ORGANIC SURVEILLANCE: Security, Myth & the Rural 

Organic Surveillance is a creative research (research-creation) project that reveals surveillance practices in rural townships and forested hinterland areas in Northern  Ontario, specifically the town of Markstay (Municipality of Markstay/Warren). The analysis of surveillance in rural areas in under represented in surveillance studies. In fact, this project is one of the first scholarly interventions that not only includes creative methodologies, but also explores surveillance as a mechanism that permeates spaces outside of urban centres. This project illustrates a shift from traditional deterrence and surveillance practices, to technological surveillance practices that I anticipate are influenced by CCTV cameras and contemporary surveillance technologies. Additionally, this project interrogates the ways forested and rural areas stimulate a larger conversation about surveillance and preemption in Canada. By looking at surveillance instigated by property owners and rural towns, this project explores surveillance as a preemptive strategy in a broader context. 

This creative research project has found that rural land owners use hunting cameras, marked trees, electric fences, and gates (amongst other forms of deterrence and surveillance technologies) as methods of protecting their property (including livestock) from human and non-human animal trespassers. Risks outlined by participants of this study include (not limited to) trespassers injuring themselves in trails, motor vehicles  (four wheelers, snow machines) using trails, theft, fire, and hunting accidents/injuries. 


 Ultimately, Organic Surveillance explores the ways that cultural objects and art critically engage with political, municipal and social conversation. Throughout this site you will find site-specific installations, video, and mixed media projects, as methods of revealing surveillance in rural areas. Here, the artistic practice and process is research in itself (Erin Manning, 2016). This project also considers how surveillance technology is used artistically to critique its original use. I call this a form of creative function-creep.  These productions act as a visual translation of knowledge that encourages viewer interaction, critique and intervention. The larger research context of this project intersects with my interests in precarious privacy, surveillance culture,security, privacy and property.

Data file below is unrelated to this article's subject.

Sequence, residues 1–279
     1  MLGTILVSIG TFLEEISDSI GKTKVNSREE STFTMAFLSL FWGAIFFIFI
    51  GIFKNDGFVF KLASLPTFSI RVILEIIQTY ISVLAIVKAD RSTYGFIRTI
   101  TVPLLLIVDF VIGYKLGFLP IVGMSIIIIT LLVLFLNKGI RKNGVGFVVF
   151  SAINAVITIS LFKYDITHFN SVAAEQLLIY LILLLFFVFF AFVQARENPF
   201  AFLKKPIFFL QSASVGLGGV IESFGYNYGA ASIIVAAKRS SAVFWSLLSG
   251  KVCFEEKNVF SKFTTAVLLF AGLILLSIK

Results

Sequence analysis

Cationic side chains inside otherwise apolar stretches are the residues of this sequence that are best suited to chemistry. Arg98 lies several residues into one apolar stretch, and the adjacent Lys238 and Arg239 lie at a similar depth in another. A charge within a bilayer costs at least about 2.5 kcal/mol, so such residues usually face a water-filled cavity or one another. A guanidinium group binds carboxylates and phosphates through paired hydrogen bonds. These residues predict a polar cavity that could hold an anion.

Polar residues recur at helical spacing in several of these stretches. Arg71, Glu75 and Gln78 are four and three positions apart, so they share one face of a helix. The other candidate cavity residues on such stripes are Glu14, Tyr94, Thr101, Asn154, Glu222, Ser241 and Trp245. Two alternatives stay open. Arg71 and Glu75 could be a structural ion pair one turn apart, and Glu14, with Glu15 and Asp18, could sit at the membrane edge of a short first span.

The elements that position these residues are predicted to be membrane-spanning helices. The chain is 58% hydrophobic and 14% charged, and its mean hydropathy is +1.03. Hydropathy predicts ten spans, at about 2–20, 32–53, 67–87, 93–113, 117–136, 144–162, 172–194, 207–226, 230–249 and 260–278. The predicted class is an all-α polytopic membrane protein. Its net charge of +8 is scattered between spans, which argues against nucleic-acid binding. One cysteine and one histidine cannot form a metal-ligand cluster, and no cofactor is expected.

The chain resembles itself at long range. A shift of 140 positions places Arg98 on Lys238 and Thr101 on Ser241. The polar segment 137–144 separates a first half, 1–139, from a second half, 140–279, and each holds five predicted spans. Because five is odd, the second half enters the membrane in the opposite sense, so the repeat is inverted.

I have created this website to visually represent the installations and images I’ve produced on private property. Viewers would not have the opportunity to see these installations in person without trespassing, therefore this website acts as a method of looking into these landscapes without vulnerability. This website also allows community members who participated in this project to engage with the findings whenever needed. 



Stéphanie McKnight (Stéfy) is white-settler artist-scholar based in Katarokwi/Kingston Ontario. Her creative practice and research focus in on policy, activism, governance, and surveillance trends in Canada and North America. Within her research, she explores creative research as methodology, and the ways that events and objects produce knowledge and activate their audience. Recent exhibitions include “…does it make a sound” at Gallery Stratford; “Park Life” at MalloryTown Landing and Thousand Islands for LandMarks 2017/Repères 2017, “Traces” at Modern Fuel Artist-Run Centre, “ORGANIC SURVEILLANCE: Security & Myth in the Rural” at the Centre for Indigenous Research-Creation and “Hawk Eye View” at the Tett Centre for Creativity and Learning.  In 2018, her work Hunting for Prey received an honorable mention for the inaugural Surveillance and Society Art FundPrize.

This research was supported by the Social Sciences and Humanities Research Council of Canada.

I acknowledge that the preliminary creative research in this paper was conducted on Robinson-Huron Treaty territory and the traditional territory of the Atikameksheng Anishnaabeg (Markstay/Warren Ontario). Further research and writing of this paper was produced on the traditional territory of the Anishinaabe and Haudenosaunee peoples. This territory is covered by the Upper Canada Treaties (Katarokwi/Kingston Ontario).

© 2019 by STÉFY mcknight

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